This thread manages updates to settings in the software. It sets up several callbacks, and waits for messages from the server. Currently, there are only two messages, "mode", which sets whether it is operating "live" or by "search", and "time_query", which stores in the SQL database that a time_query is pending along with its start and end times.
The search handler checks the SQL database for pending queries, executes them, and emits the results to the server.
As mentioned before, this acts as the middle-man between the backend and frontend. It uses SocketIO to listen for emissions from one side and then broadcasts the data to the other side.
Give a high level overview of the structure of your software. Are you using GStreamer? Show a diagram of the pipeline. Are you running multiple tasks? Show what they do and how they interact.
We first attempted to connect to the Beaglebone via the included FTDI cable. Here is a link to the FTDI cable's ref. sheet: http://www.ftdichip.com/Support/Documents/DataSheets/Cables/DS_TTL-232R_CABLES.pdf. To connect the (Clean this up!)
Chris worked on the python side of the program. This included logging data, parsing messages from the GPS, and interfacing with Robert's server.
Google Maps Webpage
Robert worked on the webpage, first using Dr. Yoder's Boneserver script to create a simple server. A new webpage was added that just had map on it.
Google provides free documentation for their API, and it turns out it's fairly straight forward to use. One of the many features that Google offers with this API is the ability to draw on the map, such as placing markers and drawing lines. By using the marker class in conjunction with actionlisteners, we were able to create a button that would place a marker on coordinates specified by the user.
This was only a proof of concept. The ability to place arbitrary markers was not left in, but the code used to create these markers was incorporated into creating paths. To test this, we would feed live data from the GPS-tracker to the frontend webpage. We were able to see our position in real time. After this functionality was added, the ability for the user to interact with our system came next. A time-range functionality was added, which allowed the user to specify over what time period he or she would like to see the position of the Bone. Lastly, we added the ability for the user to choose whether they wanted to be in live mode or search mode with the use of radio buttons.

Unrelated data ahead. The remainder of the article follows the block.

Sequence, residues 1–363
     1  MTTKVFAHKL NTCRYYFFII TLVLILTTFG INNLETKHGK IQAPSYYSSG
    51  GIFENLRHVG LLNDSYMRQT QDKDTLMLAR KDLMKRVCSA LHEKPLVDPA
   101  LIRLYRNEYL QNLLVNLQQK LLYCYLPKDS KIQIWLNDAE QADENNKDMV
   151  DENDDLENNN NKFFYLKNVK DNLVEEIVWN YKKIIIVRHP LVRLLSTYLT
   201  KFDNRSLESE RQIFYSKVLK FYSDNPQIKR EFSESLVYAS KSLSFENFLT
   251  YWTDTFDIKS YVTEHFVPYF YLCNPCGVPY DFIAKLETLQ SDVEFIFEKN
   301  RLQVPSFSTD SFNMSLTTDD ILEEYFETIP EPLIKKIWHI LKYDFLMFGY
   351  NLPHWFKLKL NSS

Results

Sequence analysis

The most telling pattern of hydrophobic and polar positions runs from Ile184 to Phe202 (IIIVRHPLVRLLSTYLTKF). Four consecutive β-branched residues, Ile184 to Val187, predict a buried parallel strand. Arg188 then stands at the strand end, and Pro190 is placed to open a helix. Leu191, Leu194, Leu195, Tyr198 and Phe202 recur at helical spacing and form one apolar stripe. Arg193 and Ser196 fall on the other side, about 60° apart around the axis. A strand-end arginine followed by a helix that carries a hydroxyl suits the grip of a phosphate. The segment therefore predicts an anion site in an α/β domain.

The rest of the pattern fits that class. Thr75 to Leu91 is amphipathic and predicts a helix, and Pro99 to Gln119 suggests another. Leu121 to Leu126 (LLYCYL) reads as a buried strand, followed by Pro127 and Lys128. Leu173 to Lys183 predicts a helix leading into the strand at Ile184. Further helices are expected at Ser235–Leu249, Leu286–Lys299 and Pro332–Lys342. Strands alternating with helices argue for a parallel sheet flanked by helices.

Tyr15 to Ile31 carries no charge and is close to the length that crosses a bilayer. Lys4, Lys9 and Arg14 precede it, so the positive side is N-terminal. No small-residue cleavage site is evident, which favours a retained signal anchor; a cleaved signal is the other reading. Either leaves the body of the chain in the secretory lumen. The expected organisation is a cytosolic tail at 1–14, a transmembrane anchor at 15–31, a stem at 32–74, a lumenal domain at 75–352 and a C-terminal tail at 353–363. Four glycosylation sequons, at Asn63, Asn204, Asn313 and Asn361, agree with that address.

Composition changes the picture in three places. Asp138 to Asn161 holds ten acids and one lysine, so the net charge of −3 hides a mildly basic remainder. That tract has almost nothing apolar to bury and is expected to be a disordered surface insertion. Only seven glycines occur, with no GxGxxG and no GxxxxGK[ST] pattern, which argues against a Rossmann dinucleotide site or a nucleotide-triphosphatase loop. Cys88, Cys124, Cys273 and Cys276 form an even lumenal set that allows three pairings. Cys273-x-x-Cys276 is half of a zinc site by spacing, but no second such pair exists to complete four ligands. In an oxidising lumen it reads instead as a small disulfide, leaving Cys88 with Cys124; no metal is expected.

While working on this project, there were a few features that we ended up scrapping or didn't have the chance to get around to. Some of the features are suggested later in the Future Work section, others have not.
Though the Ad-Hoc wireless network works there are a few issues with it. It takes a long time for the computers to start communicating, it can be slow, and it will frequently disconnect, forcing you to wait for few seconds before the signal can be reestablished. One thing we wanted to do but weren't able to get around to was to create a keep-alive signal so that when a connection was established, it wouldn't become disconnected after a while of inactivity. The wireless network wasn't the focus of our project, however, so we never put a huge priority on this.
We planned on changing the line thickness of the paths on Google Maps based on velocity, but due to time constraints we were not able to implement this feature.
Adding the ability to hover over lines to get data would be a good feature. For example, hovering over a line and seeing that it was tracked at at certain time and being able to see the exact longitude and latitude associated with it would be a nice feature.
Another feature that may be harder is adding algorithms that would analyze the GPS data and attempt to fix it or give a better sense of the accuracy of the reading. While we were using our tracker, we found that it often would stray a few meters from where we actually were, especially if we were moving fast. Given more time, we may have been able to find a way to rectify the accuracy issues.
The UI has plenty of room for improvement as well. More search options could be added, such as by speed or proximity to a location. If the wifi dongle were replaced by a 3G modem, it could be set to send notifications to the operator when the tracker gets near certain locations, or if the tracker isn't near certain locations at schedule times (e.g., if your child isn't at school when they were supposed to).
Server Side Events info: http://www.html5rocks.com/en/tutorials/eventsource/basics/
GPS NMEA Sentences: http://www.gpsinformation.org/dale/nmea.htm
Embedded Linux Class by Mark A. Yoder